Central government’s net financial assets over NOK 5 000 billion
Central government’s net financial assets are estimated at NOK 5 006 billion at the end of 2012. This is almost NOK 1 million per capita.
|Non financial corp. etc.||Financial corporations||General government||Households and NPISH||Rest of the world|
|4th quarter 2012|
|Net financial assets, start of period||-2 690 405||328 490||4 797 161||404 285||-2 839 531|
|Net lending||65 392||-6 809||61 053||-14 849||-104 786|
|Other changes||-28 998||-36 113||-11 397||-1 434||77 942|
|Net financial assets, end of period||-2 654 011||285 567||4 846 817||388 001||-2 866 375|
|1st quarter 2012 - 4th quarter 2012|
|Net lending (sum)||5 269||18 379||394 147||-5 352||-412 442|
|Other changes (sum)||-204 127||-39 412||113 297||106 339||23 902|
|Growth in debt (per cent)||3.3||5.3||7.4||7.0||8.6|
Central government’s net lending in 2012 is estimated in the financial accounts at NOK 411 billion. At the same time, central government’s net holding gains amounted to NOK 116 billion. This led to an increase of NOK 527 billion in net financial assets.
Net holding gains abroad amounted to NOK 122 billion, while net holding losses led to a decline in value by NOK -6 billion on domestic securities. Financial assets abroad are mainly holdings by the Government Pension Fund Global. The market value of the Fund was NOK 3 816 billion at the end of 2012.
The central government also holds stocks issued by Norwegian companies quoted on Oslo stock exchange. The market value of this portfolio was NOK 549 billion at the end of 2012. The central government had a holding loss of NOK 2.6 billion on this portfolio in 2012. This can be explained by a fall in the listed price of Statoil, which is dominant in the domestic portfolio.
Deposits in the central bank, other assets (mainly accrued not received taxes) and capital contributions in central government companies amounted to NOK 587 billion at the end of 2012.
The household sector increases its financial investments
Households and non-profit institutions serving households increased their net lending by NOK 19 billion from 2011 to 2012. Net lending is estimated in the financial accounts at NOK -5.4 billion in 2012 compared to NOK-24.5 billion in 2011. The increase is mainly explained by financial investments and in particular the acquisition of insurance technical reserves and shares and other equity.
Only in 2005 has there been higher financial investments undertaken by the household sector. This year was characterised by high dividends motivated by tax planning. It is estimated that NOK 75 billion of the dividends was reinvested in the companies as shares and loans. Investments in financial assets amounted to NOK 167 billion in 2012, NOK143 billion in 2011 and NOK 229 billion in 2005.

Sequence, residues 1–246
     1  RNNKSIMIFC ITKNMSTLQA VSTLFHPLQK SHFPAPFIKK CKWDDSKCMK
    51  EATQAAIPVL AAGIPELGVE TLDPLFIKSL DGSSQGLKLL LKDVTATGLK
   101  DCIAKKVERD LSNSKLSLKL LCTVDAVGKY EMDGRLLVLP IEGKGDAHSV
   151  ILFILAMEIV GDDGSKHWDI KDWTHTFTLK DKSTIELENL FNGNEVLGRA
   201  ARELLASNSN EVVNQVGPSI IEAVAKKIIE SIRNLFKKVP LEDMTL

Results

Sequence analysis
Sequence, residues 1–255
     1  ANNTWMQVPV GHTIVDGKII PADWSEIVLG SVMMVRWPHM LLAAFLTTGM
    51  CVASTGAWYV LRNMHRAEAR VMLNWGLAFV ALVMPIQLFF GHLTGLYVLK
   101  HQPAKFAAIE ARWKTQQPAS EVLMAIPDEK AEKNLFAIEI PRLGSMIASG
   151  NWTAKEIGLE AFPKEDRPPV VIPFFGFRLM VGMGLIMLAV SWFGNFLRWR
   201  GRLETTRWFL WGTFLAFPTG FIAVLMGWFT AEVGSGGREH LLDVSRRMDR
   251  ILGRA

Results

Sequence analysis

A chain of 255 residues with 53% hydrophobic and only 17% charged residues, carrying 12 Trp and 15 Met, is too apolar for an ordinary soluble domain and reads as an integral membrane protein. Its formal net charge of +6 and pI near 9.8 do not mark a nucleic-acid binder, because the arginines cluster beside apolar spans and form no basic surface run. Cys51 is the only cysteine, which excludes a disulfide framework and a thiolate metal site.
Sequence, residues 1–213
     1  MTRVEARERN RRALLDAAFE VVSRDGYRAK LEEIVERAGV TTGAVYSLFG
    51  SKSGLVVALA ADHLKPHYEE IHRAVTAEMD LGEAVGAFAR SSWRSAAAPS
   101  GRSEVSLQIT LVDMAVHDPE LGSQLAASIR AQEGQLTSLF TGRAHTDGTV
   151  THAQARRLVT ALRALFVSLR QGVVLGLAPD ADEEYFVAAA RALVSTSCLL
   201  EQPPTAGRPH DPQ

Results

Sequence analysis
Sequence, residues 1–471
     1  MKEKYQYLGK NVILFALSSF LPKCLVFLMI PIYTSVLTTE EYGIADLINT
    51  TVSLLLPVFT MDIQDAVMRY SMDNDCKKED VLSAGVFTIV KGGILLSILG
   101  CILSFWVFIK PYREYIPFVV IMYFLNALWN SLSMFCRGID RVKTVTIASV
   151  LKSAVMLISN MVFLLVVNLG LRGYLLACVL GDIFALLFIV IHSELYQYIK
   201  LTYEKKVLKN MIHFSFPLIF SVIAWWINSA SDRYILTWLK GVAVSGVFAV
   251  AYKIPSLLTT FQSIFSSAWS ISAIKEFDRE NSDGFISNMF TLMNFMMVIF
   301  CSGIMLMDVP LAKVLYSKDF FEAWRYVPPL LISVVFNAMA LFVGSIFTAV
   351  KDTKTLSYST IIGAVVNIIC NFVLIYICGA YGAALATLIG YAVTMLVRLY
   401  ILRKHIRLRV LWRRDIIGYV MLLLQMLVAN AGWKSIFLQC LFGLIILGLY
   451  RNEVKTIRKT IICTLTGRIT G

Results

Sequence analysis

The growth in deposits went down from NOK 66 billion in 2011 to NOK 65 billion in 2012. The development is explained by the growth in the fourth quarter, which fell from NOK 22 billion in 2011 to NOK 10 billion in 2012.. Investments in insurance technical reserves went up from NOK 63 to 72 billion, while investments in shares and mutual funds went up from NOK -8.4 to 1.6 billion.
Stable growth in total debt for the household sector
The growth in total debt over the last four quarters for the household sector has been stable in the last seven quarters and is estimated at 7.0 per cent in the fourth quarter of 2012. The incurring of debt in 2012 was NOK 173 billion compared to NOK 167 billion in 2011. The incurring of debt from the government sector and the financial sector was NOK 19 and 149 billion respectively in 2012, compared to NOK 12 and 142 billion in 2011.
Increase in net financial assets abroad
Norway’s financial assets abroad increased from NOK 7 350 billion at the end of 2011 to NOK 7 933 billion at the end of 2012. At the same time, Norway’s foreign debt increased from NOK 4 872 billion to NOK 5 066 billion. Net financial assets abroad increased from NOK 2 478 to 2 866 billion.
The central government’s financial assets are made up of foreign and domestic assets. Assets abroad is dominated by stocks and bonds held by the Government Pension Fund Global. The Government Pension Fund Norway also has assets abroad in the Nordic countries.
One substantial component of assets in Norway is quoted shares in large domestic listed companies like Statoil, DNB, Telenor and Norsk Hydro. The central government also has stakes in the form of equity in government-owned unlisted units and deposits in the central bank.